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Welcome to Dijemeric Visualizations

Where photography and mathematics intersect with some photography, some math, some math of photography, and an occasional tutorial.

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Tuesday, March 13, 2012

Some Random Thoughts for Pi Day

Some Random Thoughts for Pi Day
Ken Osborn © 2012

Everyone at one time learned that Pi is the ratio of the circumference of a circle to its diameter and the value is 3.14 and a lot more digits following.  Is there an end to the digits and is the sequence of digits random or is it determined by some as of yet unknown formula?  And can the digits in Pi be produced by a random number generator?

I'll leave the first two questions to others, but a simple Excel program to generate random numbers can be used to produce an estimate of Pi.  Consider a circle with a diameter of 2 feet.  The radius will then be 1 foot and the area Pi square feet.  If it is enclosed inside a square, the square will have sides of 2 feet with an area of 4 square feet.   The ratio of areas of circle to square will then be Pi/4.  Suppose you now throw darts at a dart board with a diameter of 2 feet enclosed in a square.  The ratio of hits inside the board divided by the number of tosses inside the square will be the same as the ratio of areas.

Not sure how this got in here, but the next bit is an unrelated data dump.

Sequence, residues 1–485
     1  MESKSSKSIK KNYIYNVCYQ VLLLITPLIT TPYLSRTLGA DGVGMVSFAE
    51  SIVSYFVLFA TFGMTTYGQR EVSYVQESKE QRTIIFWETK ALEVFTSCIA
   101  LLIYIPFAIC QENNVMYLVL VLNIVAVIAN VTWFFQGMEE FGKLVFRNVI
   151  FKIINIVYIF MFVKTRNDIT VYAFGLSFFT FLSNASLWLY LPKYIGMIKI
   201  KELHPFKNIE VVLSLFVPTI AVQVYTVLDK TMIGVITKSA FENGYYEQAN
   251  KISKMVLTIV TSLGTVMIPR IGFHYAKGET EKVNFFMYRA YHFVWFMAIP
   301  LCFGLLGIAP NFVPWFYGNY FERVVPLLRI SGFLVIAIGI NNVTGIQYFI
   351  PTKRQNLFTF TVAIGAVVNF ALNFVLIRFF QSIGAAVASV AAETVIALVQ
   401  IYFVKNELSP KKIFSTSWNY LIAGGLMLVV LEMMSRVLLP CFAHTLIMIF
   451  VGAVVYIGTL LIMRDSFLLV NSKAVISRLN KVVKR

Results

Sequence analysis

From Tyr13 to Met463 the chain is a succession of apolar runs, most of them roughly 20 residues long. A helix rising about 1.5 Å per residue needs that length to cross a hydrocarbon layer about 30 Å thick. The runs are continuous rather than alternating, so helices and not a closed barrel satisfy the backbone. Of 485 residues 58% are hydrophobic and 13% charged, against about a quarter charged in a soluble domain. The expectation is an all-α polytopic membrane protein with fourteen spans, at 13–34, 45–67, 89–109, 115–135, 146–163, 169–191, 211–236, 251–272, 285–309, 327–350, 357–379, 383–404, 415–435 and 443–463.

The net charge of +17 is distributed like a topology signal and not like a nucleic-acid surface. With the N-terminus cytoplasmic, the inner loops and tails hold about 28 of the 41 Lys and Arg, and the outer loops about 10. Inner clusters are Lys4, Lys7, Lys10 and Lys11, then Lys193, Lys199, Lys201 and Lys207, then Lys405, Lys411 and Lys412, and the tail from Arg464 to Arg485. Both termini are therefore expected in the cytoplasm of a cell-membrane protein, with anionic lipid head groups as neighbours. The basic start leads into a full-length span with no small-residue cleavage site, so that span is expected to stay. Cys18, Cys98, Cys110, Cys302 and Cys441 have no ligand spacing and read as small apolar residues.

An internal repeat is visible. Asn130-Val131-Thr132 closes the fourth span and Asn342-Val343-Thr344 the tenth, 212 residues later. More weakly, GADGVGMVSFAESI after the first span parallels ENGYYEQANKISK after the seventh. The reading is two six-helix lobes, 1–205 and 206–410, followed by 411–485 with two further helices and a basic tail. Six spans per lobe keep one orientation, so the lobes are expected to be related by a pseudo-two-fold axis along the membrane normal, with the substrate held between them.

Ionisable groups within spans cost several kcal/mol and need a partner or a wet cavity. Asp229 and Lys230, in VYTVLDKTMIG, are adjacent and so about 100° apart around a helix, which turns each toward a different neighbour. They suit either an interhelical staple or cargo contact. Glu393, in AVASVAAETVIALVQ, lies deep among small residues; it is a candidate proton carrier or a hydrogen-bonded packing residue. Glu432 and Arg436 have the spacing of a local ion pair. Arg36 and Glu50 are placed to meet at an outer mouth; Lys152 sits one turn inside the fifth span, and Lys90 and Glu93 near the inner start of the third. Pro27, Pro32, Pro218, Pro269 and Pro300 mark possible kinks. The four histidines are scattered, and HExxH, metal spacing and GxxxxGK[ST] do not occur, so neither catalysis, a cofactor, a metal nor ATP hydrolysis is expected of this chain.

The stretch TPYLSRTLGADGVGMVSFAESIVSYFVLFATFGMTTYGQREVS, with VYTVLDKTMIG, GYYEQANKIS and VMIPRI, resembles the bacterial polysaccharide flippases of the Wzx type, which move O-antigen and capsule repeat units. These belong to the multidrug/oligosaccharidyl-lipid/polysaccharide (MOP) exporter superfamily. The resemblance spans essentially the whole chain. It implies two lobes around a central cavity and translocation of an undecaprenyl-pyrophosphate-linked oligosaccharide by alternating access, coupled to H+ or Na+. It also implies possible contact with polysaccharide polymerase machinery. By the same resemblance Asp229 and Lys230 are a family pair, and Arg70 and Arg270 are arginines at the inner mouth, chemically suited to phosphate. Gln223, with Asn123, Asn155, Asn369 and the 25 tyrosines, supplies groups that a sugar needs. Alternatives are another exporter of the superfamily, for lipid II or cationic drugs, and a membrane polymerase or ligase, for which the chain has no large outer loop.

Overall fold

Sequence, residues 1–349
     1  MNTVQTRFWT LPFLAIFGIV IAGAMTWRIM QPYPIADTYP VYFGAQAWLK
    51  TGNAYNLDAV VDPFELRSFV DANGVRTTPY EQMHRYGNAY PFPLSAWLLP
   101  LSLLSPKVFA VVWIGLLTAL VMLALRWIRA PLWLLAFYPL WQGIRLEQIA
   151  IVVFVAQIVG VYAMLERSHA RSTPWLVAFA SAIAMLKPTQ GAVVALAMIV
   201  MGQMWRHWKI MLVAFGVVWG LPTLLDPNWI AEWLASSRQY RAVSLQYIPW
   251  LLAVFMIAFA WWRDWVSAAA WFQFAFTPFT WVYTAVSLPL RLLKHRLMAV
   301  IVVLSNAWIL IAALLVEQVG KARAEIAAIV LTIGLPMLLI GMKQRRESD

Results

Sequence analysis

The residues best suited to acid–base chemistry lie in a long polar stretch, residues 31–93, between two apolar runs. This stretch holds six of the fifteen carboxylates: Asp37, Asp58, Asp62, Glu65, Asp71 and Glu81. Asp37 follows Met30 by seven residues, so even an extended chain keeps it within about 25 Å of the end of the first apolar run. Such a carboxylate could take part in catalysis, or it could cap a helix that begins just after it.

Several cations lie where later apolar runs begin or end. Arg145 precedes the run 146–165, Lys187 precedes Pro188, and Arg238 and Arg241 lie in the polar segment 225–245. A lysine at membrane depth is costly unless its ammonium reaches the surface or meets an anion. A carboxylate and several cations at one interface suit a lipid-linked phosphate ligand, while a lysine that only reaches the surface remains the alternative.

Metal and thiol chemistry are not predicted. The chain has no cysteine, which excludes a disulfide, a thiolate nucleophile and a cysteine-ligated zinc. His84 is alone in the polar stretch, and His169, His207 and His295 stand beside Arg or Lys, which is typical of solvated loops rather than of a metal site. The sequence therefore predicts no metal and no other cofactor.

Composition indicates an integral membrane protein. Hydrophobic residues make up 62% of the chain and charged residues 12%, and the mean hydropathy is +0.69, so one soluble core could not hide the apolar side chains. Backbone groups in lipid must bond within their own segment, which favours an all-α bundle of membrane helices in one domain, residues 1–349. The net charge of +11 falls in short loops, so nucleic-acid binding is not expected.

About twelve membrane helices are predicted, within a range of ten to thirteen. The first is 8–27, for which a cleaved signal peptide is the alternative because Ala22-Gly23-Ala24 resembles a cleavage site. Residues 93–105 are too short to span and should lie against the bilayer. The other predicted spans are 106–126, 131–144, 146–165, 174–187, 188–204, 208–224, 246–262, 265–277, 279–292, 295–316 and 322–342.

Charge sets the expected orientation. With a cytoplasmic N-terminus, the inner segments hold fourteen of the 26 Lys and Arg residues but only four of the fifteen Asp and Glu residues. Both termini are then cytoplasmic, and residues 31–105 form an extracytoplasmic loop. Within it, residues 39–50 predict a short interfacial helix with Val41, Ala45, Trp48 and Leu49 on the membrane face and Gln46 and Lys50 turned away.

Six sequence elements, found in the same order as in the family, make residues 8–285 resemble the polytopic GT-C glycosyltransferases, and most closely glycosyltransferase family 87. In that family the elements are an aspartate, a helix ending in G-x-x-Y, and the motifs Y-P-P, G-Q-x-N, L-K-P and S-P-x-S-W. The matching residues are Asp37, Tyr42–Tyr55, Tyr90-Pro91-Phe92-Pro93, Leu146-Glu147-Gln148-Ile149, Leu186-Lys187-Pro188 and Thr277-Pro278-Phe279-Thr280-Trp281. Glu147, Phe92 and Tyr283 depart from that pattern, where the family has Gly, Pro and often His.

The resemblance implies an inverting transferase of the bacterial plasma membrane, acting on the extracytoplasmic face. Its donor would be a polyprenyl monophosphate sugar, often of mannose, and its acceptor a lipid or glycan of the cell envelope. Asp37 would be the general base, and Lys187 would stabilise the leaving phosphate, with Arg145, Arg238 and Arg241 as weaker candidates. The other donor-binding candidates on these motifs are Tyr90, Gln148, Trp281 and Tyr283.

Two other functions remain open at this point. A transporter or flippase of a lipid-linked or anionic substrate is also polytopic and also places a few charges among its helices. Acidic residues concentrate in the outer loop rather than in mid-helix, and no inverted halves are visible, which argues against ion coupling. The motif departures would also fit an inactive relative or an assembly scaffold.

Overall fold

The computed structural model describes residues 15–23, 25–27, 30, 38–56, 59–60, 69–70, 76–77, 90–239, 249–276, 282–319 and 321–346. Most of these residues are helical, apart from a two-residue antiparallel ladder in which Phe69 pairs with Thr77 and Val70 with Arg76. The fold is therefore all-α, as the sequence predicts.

Write a program to generate two sets of random numbers bounded by zero and one (0,1).  These will be the coordinates for a point to be tested.  If the distance of the ordered pair to the center is less than one it is inside the circle.  If it exceeds one it is outside the circle.  Below is a screen shot from one run of the program.  The blue line is the running estimate of Pi for the specified number of dart tosses.  The purple line is the error calculated as the difference between the estimate and value of Pi to 2 digits (3.14)

If you'd like to try estimating Pi using the program, you can at Estimating Pi Spreadsheet

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